Monday, January 21, 2013

Muclecar Monday: Ford Fairlane Thunderbolt


The Ford Fairlane Thunderbolt was a limited production, factory experimental, drag race only automobile built by the Ford Motor Company in 1964. A total of 120 units were produced.

Adapted from wikipedia:
Ford shoehorned a 427 cubic inch (7.0 L) V8 engine with dual quads intended for use in the much larger Galaxie. As installed in the Thunderbolt, the engine was (like all US cars, due to insurance regulations) conservatively rated at 425 horsepower; estimates placed the actual output at over 600 horsepower.

Being basically a factory-built race car, no weight saving measure was spared. Fiberglass doors, hood, front fenders and even the front bumper along with Plexiglas side and rear windows aided in weight reduction; the hood with its distinctive raised "teardrop" scoop to draw hot air from the engine. Later cars had aluminum front bumpers in place of the fiberglass unit due to racing regulations.

Other weight-saving measures included the elimination of such street items as the sunvisors, radio, heater, wheel covers, passenger side windshield wiper, arm rests, rear window cranks, mirrors, sound deadening material, carpeting, trunk mat, lug wrench, jack and spare tire. Front seats were either lightweight units from Ford's police package vehicles or rudimentary bucket seats from the Econoline van; the carpeting was replaced by a black rubber mat. The rear seat was a standard Fairlane unit. The high-beam headlights were eliminated as well and in their place were mesh-covered air intakes which ran directly to a special air cleaner atop the 427.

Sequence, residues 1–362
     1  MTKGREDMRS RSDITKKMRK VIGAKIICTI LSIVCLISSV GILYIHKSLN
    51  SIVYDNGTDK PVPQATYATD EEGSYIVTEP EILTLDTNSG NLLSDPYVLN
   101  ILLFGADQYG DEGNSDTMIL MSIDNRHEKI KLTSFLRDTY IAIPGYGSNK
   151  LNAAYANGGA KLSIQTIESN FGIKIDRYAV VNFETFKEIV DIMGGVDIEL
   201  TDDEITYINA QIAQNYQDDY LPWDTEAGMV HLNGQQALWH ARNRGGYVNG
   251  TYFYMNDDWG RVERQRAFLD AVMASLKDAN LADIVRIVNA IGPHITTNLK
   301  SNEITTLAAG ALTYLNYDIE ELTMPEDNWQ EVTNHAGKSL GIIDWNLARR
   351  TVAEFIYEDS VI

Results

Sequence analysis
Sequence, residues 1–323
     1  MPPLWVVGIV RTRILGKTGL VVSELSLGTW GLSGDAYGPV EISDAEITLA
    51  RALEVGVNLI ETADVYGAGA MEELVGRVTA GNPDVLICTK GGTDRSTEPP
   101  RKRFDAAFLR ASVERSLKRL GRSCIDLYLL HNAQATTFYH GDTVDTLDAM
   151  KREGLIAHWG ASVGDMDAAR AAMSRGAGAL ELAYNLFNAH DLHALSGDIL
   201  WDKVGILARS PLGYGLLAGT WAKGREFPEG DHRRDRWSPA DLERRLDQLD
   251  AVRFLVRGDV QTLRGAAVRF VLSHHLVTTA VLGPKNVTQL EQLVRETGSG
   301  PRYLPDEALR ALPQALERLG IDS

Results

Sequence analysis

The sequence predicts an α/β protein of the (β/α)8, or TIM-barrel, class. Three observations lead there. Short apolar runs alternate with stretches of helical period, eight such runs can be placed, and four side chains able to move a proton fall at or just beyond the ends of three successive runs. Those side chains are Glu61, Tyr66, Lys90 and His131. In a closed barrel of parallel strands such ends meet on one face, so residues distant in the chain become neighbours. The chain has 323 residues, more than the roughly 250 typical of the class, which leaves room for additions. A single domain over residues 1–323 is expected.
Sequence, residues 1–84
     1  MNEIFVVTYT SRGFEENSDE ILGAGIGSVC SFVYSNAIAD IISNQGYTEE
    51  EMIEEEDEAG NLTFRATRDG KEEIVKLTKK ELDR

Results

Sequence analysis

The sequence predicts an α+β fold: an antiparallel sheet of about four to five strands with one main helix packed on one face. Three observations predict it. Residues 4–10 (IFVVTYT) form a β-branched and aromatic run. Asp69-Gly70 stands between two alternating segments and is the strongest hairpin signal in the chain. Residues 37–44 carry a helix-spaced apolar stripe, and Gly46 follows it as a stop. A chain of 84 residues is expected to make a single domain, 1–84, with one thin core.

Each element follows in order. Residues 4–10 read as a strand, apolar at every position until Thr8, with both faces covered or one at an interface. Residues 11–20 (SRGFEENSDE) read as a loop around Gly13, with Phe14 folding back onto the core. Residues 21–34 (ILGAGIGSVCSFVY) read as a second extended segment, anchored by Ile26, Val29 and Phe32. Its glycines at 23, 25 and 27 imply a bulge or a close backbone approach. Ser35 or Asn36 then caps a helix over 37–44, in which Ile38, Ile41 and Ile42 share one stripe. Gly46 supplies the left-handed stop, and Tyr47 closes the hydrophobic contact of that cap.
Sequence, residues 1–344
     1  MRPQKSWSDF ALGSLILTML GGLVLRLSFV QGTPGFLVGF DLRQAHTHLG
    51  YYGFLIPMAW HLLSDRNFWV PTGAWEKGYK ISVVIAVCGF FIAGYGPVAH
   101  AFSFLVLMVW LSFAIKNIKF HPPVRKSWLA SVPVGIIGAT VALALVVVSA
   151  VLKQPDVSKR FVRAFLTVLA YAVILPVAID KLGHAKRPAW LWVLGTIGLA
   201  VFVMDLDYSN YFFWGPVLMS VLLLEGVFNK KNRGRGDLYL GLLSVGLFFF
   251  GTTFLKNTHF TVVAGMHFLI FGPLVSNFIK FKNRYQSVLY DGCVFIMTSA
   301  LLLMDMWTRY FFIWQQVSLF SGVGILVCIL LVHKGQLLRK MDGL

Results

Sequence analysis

Though it was technically a street legal automobile, these modifications made the Thunderbolt impractical for street use. However, these modifications resulted in a car which ran 11.61 seconds at 124.8 MPH.

The Thunderbolt was not built on a regular Ford assembly line, but rather in conjunction with Andy Holten of Dearborn Steel Tubing. It was there that partially built Fairlane bodies in top-of-the-line "500" exterior trim were combined with the 427 and either a heavy-duty Lincoln automatic transmission or a Borg-Warner four-speed manual transmission.

To give you an idea how rough thise things were: Ford riveted a metal plate to the inside of the glovebox door of the Thunderbolt and other race-only models with a disclaimer relating to fit and finish. The plate read:

THIS VEHICLE HAS BEEN BUILT SPECIALLY AS A LIGHTWEIGHT COMPETITIVE CAR AND INCLUDES CERTAIN FIBERGLASS AND ALUMINUM COMPONENTS. BECAUSE OF THE SPECIALIZED PURPOSE FOR WHICH THIS CAR HAS BEEN BUILT AND IN ORDER TO ACHIEVE MAXIMUM WEIGHT REDUCTION, NORMAL QUALITY STANDARDS OF THE FORD MOTOR COMPANY IN TERMS OF EXTERIOR PANEL FIT AND SURFACE APPEARANCE ARE NOT MET ON THIS VEHICLE.

THIS INFORMATION IS INCLUDED ON THIS VEHICLE TO ASSURE THAT ALL CUSTOMERS WHO PURCHASE THIS CAR ARE AWARE OF THE DEVIATION FROM THE REGULAR HIGH APPEARANCE QUALITY STANDARDS OF THE FORD MOTOR COMPANY.


above: Spartan Interior


Detail of the air intake setup and painted fiberglass bumper